It’s too late now…
these trees are goners!
The soil is compacted…
and the roots are destroyed.
TO SAVE TREES, IT TAKES:
•EVALUATION
•PROTECTION
•MONEY
EVALUATION
•SPECIES
•LOCATION
•HEALTH
•SOUNDNESS
•STRUCTURE
•PRACTICALITY
DESIRABLE SPECIES
•OAKS
•DOGWOODS
•BLACKGUM
•MAPLES
•SYCAMORE
•REDCEDAR
•ELM
•HICKORY
LESS DESIRABLE
SPECIES
•PINES
•TULIP-POPLAR
•SWEETGUM
•COTTONWOOD
EVALUATION
•Choose trees that
allow room for
construction and
utilities.
•Trees must have room
to grow to maturity
without causing
problems.
•Choose trees that will
enhance the property.
(bad choice)
EVALUATION
•Choose trees that are
free from decay and
diseases that will limit
their useful lifespan,or
create hazards.
GOOD STRUCTURE AND FORM
STRAIGHT
SINGLE TRUNK
CAVITY-FREE
FULL CANOPY
POOR CHOICES
•MULTIPLE TRUNKS
•FORKS
•CAVITIES OR
DECAY
•LEANS
•DIEBACK
Trees naturally grow in groups, interspersed
with native grasses and shrubs. Trees
should be saved in groups, with associated
understory plants, where possible.
PROTECTION
It’s not practical to protect the entire
root zone in most cases, but if trees
and understory plants are to survive
and thrive, the critical root zone of the
tree must be undisturbed.
The CRZ is defined as a radius of one
foot per inch of tree diameter (breast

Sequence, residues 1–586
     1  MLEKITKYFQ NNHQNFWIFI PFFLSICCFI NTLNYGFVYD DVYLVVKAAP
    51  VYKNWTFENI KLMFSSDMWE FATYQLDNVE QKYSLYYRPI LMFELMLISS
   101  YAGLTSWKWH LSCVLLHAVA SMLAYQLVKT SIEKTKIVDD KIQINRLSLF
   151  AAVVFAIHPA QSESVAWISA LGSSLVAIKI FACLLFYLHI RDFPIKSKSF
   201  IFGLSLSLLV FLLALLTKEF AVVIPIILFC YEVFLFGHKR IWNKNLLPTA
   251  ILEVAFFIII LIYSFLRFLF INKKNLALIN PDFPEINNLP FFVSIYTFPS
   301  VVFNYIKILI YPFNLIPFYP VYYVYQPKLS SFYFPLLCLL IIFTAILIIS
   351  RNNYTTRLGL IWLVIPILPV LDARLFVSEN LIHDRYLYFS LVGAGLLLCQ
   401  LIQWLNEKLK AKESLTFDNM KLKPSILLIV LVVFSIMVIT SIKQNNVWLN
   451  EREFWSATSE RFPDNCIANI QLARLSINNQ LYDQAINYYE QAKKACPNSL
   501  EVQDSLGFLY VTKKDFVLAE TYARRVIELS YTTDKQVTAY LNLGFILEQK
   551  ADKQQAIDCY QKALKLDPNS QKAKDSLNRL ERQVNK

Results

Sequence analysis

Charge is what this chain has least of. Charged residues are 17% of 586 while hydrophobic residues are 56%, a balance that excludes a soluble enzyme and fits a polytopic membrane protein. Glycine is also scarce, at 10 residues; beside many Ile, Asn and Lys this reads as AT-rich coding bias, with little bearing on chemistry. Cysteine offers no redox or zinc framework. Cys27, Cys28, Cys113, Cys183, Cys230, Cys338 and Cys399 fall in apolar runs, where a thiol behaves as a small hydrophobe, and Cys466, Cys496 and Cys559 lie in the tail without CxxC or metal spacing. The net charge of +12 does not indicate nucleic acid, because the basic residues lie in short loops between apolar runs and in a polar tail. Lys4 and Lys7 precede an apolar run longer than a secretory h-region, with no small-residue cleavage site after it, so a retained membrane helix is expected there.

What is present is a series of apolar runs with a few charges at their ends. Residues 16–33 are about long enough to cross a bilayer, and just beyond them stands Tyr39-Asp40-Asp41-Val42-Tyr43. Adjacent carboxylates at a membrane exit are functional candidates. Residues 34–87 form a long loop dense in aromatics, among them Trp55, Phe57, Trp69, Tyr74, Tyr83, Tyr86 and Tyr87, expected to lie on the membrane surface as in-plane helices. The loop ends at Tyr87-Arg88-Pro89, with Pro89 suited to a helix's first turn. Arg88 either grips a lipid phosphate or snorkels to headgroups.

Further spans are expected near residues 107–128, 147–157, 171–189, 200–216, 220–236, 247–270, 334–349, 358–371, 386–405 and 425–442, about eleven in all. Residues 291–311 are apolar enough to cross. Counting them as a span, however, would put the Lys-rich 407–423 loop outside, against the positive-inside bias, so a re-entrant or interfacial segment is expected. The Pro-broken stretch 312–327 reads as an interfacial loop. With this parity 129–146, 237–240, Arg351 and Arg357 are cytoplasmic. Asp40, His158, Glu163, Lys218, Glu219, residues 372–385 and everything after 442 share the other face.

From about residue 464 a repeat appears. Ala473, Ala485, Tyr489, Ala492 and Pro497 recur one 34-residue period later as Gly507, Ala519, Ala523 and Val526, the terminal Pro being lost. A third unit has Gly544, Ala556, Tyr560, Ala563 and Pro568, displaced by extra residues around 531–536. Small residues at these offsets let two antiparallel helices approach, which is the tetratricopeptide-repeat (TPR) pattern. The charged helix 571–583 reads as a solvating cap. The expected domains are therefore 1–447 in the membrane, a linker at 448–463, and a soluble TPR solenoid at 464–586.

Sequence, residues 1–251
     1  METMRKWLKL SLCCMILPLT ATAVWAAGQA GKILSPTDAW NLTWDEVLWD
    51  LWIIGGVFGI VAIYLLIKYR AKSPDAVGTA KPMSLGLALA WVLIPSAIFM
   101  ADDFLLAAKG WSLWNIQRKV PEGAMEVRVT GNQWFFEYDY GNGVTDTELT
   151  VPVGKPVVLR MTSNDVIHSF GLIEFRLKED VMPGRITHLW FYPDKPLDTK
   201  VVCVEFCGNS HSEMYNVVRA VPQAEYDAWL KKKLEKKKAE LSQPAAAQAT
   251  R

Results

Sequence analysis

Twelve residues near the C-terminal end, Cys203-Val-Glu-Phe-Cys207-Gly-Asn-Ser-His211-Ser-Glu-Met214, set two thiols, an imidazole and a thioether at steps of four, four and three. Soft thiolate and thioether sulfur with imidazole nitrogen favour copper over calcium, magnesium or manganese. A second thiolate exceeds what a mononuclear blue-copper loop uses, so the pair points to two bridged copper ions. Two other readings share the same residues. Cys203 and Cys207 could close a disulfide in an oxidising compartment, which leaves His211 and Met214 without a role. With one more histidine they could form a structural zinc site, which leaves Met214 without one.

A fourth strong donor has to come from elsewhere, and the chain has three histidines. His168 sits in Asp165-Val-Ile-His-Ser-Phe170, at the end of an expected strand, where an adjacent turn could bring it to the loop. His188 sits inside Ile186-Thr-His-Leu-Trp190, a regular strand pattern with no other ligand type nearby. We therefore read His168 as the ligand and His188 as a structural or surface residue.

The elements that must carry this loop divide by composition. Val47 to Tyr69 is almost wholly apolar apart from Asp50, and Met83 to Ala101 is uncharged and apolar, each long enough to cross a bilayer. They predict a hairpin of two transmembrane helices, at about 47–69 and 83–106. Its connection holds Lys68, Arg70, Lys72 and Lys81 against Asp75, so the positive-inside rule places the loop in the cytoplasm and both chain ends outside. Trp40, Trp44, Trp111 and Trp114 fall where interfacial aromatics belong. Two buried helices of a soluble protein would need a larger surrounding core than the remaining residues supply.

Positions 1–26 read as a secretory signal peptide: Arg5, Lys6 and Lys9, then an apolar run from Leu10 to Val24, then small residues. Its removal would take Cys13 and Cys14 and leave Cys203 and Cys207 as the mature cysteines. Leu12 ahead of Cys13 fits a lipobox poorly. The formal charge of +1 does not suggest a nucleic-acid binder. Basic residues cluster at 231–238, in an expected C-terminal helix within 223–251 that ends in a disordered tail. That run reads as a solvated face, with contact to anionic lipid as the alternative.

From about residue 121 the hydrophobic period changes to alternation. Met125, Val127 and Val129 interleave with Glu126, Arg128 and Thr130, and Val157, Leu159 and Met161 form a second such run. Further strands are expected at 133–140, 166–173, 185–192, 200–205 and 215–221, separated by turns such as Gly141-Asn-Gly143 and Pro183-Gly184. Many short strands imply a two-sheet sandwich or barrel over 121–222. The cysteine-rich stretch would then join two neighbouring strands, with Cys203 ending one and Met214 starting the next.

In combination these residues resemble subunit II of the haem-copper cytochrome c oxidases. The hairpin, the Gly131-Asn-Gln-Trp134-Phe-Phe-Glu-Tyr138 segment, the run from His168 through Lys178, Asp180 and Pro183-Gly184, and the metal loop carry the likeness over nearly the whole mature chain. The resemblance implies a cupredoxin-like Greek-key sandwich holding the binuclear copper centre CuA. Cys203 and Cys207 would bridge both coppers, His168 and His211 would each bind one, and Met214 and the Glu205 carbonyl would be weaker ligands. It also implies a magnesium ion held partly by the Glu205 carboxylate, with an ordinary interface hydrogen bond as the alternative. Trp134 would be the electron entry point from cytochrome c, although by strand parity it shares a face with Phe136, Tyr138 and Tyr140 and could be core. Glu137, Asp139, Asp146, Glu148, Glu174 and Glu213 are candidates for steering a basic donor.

height).
PROTECTION
•THE ROOTS MUST
NOT BE HARMED
•TRUNK DAMAGE
MUST BE AVOIDED
•SITE CHANGES
SHOULD BE
MINIMIZED
When possible, site the
structures, paving, and
utilities on the lot as far
from the trees (and their
roots) as possible.
Where equipment must operate beneath trees, a
bridge or a thick blanket of mulch can prevent soil
compaction and root damage.
Cut and fill can be fatal to trees. Retaining
walls can be used to protect the critical root
zone.
Locating buried utilities outside the critical root
zone is best, but tunneling can be used to route
utilities beneath trees.
Non-standard construction
methods, such as using
posts, pillars or I-beams
rather than foundation
walls or slab on grade, can
minimize damage to nearby
trees and undergrowth.
Lawns, flower and shrub beds, irrigation, and
other landscaping can destroy roots as effectively
as other construction activities.
The bottom line: to protect trees, stay away from
them! Remember, the critical root zone is a radius
of one foot per inch of tree diameter. Keep this
area undisturbed, and the trees will survive and
prosper.
PROTECTION
Fencing is
crucial…
PROTECTION
Fencing is
crucial…
…and a
Rottweiler
helps.
Signs can help
get the
message
across to
subcontractors
Plastic mesh gets no respect…
Have a Plan
A tree plan would include a site
evaluation to identify trees for
preservation, a plan to preserve
them, and a planting plan if it’s
not practical to save existing
trees.
A tree plan should be ideally be
prepared by a trained arborist, but with
proper guidelines, almost anyone can be
trained to prepare an adequate tree plan
for a building site.
National Standards for
tree protection during
construction were
published in 2005
GETTING HELP
•Use a forester or certified arborist with training
and experience in tree protection
•Use literature and guidance readily available on the
Internet and in printed form
•Get training for company personnel in tree protection
techniques
•National Arbor Day Foundation
•SC Forestry Commission
•US Forest Service